By twelve, a very scrawny and lanky Masha aggressively grew into a very curvy Marsha. Suddenly, I drew unwanted attention, again. Bullied for having full breasts, I bullied right back, but within my own friendships in an effort to regain power, autonomy and control. I grew emotionally distant from my family and addicted to praises from my American teachers and friends. Navigating these dynamics left me turning to the darker corners of the self – self-exploitation and self-destruction.

At sixteen, I legally changed my first name to Marie. My parents’ decision to Americanize their first and last names signaled to me that I, too, had earned this right. After all, I couldn’t stand being called Marsha, because by then the name had earned me a terrible reputation. Hell, I never felt like a Marsha from the get go, so denouncing it was also an act of self-liberation.

For the past 19 years, I’ve introduced myself as Marie, sometimes telling fables about who and what inspired it. The truthful backstory was too painful to get into; only until recently, I lacked the tools or emotional maturity to discuss such matters. Now in my eighth year of self-help and inner-child work, I’ve come to terms with the role of Marie—a survival tactic, an invention, a conceptual sculpture of the Self that quelled the angry Marsha, and healed the wounded Masha inside.

I am now going on to 36 and re-introducing myself to the world as Masha. It feels more authentic to me; and “Marie” as more of a shell of that “good girl” label and identity I so badly craved. I’ll continue to use Marie in professional contexts, but plan to very gradually phase it out.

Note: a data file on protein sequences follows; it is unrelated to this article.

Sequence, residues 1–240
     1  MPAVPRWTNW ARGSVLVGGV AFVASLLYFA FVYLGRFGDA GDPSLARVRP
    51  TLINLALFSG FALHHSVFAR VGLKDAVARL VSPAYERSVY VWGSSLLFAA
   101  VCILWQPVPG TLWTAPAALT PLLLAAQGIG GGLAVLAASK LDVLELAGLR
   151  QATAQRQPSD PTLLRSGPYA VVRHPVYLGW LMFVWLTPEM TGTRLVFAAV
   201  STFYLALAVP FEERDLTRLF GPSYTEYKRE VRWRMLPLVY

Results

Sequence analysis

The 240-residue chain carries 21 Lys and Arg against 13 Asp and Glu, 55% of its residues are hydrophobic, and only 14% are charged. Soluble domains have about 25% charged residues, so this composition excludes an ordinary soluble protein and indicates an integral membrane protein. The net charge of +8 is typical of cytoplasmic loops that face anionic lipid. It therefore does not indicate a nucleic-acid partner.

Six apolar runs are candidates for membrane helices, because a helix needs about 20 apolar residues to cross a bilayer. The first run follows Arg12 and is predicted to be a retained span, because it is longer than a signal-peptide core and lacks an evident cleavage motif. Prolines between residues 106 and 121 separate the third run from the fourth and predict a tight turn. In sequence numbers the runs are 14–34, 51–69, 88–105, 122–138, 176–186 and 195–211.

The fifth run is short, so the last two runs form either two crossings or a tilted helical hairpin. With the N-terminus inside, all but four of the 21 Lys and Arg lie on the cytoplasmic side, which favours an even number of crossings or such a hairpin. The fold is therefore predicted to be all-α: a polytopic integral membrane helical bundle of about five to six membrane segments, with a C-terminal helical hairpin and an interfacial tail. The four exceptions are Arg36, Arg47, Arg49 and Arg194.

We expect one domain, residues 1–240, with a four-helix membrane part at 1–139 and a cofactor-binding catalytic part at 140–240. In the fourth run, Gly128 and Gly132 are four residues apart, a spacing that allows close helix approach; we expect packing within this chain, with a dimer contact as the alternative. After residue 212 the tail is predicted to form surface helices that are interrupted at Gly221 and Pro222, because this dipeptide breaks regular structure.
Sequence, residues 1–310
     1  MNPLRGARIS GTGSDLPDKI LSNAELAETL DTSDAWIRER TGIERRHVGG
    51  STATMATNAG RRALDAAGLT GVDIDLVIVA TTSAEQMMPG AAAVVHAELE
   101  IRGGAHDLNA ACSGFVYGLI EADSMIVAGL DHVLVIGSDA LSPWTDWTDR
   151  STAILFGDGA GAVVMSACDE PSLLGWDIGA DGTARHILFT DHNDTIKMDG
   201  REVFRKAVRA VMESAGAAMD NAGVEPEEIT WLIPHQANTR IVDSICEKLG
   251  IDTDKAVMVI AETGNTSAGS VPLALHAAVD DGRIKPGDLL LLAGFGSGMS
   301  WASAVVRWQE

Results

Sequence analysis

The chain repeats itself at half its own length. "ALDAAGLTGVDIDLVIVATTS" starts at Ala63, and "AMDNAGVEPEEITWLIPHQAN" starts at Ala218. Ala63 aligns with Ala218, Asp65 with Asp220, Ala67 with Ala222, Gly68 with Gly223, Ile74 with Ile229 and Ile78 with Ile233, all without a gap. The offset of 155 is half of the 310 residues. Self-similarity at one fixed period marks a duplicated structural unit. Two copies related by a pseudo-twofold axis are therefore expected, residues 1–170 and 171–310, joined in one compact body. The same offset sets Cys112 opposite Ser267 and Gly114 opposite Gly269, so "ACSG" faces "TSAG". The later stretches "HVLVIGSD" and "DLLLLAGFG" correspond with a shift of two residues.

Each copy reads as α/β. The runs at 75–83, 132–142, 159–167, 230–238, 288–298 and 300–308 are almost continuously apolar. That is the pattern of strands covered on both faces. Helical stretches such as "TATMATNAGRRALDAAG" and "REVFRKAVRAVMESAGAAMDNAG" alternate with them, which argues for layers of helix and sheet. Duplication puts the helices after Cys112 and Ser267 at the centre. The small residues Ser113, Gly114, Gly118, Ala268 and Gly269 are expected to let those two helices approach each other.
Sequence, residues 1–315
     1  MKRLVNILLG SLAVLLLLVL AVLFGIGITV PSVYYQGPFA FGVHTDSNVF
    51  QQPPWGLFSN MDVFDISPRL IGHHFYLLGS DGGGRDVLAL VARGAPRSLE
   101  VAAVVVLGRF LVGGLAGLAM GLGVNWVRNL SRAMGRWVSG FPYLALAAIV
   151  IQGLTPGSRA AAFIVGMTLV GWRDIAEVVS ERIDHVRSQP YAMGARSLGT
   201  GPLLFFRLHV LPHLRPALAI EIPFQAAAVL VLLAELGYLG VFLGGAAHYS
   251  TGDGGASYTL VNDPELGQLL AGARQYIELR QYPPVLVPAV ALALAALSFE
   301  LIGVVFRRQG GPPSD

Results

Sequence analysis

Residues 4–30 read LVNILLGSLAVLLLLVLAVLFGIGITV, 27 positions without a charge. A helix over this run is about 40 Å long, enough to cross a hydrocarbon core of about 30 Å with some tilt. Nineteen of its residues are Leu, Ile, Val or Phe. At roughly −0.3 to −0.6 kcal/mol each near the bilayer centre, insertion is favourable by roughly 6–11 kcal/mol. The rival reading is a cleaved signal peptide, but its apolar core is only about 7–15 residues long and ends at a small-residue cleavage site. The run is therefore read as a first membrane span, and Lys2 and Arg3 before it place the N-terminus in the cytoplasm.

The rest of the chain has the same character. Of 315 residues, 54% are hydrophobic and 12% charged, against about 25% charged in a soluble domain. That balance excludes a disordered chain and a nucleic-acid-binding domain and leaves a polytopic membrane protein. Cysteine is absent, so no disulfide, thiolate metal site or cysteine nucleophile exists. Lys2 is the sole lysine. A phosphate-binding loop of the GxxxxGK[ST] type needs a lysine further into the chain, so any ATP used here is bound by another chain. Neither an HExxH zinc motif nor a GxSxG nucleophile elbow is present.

I’m OK with taking things slowly and won’t force the change onto others who know me as Marsha or Marie. I’ll just keep putting it out there and eventually, they’ll adapt with time.

Lice and viral aerosols

This month, I was to make a first-ever return to my birthplace.

Apart from reconnecting with relatives, I wanted to finally bring closure to a traumatic event that tormented me for years. It was there that I had my first experience under quarantine. That’s what’s so ironic about then and now. It wasn’t an action taken by informed guardianship or social responsibility. Instead, the isolation was the result of a primitive and inhumane standard of care.

It was October of 1990 and tension filled the air in the streets of Ukraine. We had just lived through the nuclear reactor explosion at Chernobyl, so the ubiquity of gas masks was a part of many of my memories. The current personal protective equipment deficit reminds me of those days.

Then we ‘hid’ from radiation. Now, we hide from viral aerosols.

Life was confusing, the USSR was collapsing and escapism ruled the world.  Like other new parents amidst a crisis, mine meandered away from answers when met with my endless questioning. As a precocious only child, I talked to strangers whenever possible and accepted our grim reality on condition that I could only ‘go on’ living through fantasy. I created imaginary worlds to find solace in and draw from to entertain myself and the adults around me.

One day as she was brushing my hair, my mother noticed a strange patch on my scalp. My grandma was a doctor, so through her connections I got to see a specialist the following day. They explained that it was an infection caused by the widespread lice/ human flea infestation common among kids at the time. They also confirmed that it was contagious, and ordered a hairless treatment under a strict quarantine. In true Soviet fashion, they didn’t explain the details to me. I knew something was wrong but had no idea what it would take to fix it.